We all rely on definitions, especially us final-year students. Sometimes you come across a word that you’ve never encountered in your life. It’s like the geek version of seeing an exotic species of wild animal for the first time.
Immediately, you whip out Google, Wikipedia or whatever it is you use to search for the meaning of the word: voila! You now know what the word means, how to use it, and improved your vocabulary all in one go!
Personally though, I’m not fond of definitions.
Sure, they let you quickly understand things that are long, strange or complex. A simple explanation coupled with a few examples can do wonders to lift the veil of conundrum that had you blinded just moments earlier.
Then again, definitions are limiting. They are restrictive and rigid. There’s no flexibility or versatility anymore. If the definition says a word or phrase means A and B, then it only means A and B. No compromise!
If you think about it, definitions aren’t just used on words and phrases, either. In fact, every time you meet someone new or unfamiliar, one of the first things you do is absorb and analyse their first impression. It is human instinct to construct definitions of other people!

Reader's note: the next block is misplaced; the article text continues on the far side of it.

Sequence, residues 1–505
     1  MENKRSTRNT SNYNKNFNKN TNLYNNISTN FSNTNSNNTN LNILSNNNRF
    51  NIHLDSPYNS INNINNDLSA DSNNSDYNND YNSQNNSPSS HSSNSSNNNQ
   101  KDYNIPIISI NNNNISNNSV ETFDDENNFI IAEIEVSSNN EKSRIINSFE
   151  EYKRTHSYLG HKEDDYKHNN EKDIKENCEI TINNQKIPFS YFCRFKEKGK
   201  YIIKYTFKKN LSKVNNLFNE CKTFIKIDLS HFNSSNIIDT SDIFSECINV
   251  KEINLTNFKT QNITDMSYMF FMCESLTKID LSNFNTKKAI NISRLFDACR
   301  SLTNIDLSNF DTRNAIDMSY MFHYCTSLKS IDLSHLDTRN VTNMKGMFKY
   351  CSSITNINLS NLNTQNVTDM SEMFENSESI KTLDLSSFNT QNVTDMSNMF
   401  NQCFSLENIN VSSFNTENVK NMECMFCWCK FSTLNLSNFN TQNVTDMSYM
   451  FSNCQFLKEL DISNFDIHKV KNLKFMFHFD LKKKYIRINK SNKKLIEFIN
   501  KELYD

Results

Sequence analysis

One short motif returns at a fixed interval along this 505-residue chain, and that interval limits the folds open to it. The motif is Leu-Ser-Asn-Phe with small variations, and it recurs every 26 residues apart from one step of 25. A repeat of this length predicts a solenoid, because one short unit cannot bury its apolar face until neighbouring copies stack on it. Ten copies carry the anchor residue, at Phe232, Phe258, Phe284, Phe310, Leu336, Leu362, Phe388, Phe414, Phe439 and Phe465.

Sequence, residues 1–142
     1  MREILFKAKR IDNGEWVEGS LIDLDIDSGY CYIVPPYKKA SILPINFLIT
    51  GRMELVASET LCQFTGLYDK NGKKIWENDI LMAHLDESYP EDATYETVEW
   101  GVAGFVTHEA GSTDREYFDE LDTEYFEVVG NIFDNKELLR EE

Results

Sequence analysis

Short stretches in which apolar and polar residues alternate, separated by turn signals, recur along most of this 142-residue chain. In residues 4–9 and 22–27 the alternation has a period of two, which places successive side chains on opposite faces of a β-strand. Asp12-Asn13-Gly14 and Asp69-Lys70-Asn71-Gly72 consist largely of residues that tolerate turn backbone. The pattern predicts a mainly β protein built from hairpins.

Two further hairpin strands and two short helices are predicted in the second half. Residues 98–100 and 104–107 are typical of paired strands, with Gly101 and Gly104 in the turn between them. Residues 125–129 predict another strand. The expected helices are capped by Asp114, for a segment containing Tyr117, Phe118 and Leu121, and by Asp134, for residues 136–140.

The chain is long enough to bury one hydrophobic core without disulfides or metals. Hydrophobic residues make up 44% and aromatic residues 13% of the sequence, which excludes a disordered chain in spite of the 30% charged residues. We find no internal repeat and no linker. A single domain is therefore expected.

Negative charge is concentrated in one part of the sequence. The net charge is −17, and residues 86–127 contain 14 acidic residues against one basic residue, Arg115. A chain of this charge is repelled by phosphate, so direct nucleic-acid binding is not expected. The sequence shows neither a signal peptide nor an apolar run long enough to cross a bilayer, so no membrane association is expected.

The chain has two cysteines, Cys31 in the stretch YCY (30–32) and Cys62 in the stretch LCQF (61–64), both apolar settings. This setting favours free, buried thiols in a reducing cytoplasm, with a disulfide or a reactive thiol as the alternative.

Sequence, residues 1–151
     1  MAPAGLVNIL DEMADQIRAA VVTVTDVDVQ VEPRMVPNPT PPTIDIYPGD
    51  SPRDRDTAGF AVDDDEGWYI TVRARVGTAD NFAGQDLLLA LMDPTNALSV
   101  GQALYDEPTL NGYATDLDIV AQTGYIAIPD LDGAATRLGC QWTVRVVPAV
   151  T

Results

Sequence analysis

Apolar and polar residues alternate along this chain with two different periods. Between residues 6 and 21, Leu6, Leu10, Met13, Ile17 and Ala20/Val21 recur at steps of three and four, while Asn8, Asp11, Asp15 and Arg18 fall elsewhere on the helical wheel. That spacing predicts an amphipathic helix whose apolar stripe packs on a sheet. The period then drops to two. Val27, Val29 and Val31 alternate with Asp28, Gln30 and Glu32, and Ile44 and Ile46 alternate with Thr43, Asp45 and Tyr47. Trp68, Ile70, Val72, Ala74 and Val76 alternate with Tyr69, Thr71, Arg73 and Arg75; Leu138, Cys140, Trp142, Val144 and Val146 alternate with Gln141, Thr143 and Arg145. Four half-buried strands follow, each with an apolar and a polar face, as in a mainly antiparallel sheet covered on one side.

Of course, definitions provide a quick point of reference for us to recall people. When I mention terms like snob, genius, metrosexual, or joker, doesn’t it bring images of people you know to mind?
What you’ve really done there is basically putting the people you know into simple categories based on their personality and behavior. You’re not the only one who does this, though; others do it all the time on you, too!
Sometimes, different people place us in the same definition or category. Eventually, it happens often enough that you yourself become convinced that this definition is the perfect one that suits you. To paraphrase Lenin, when something is told often enough, it becomes the truth.
Sadly, not many of us can claim to be able to see ourselves differently from the “truth” that others have defined for us. Being defined according to how someone else sees you prevents you from discovering that your individual potential is limitless.
I’m not saying that definitions are useless and that we should abandon them first chance we get. My point is that you shouldn’t be pigeon-holed into a definition, as defined by others, of who you ought to be. Ultimately, the choice is left to you about who you want to be. Other people don’t write the definition of you; you write your own definition of yourself.
On a positive note, I already know what the dictionary would say about me:
Jared Ee Han Seong:
How would you want the dictionary to define or describe you? 😉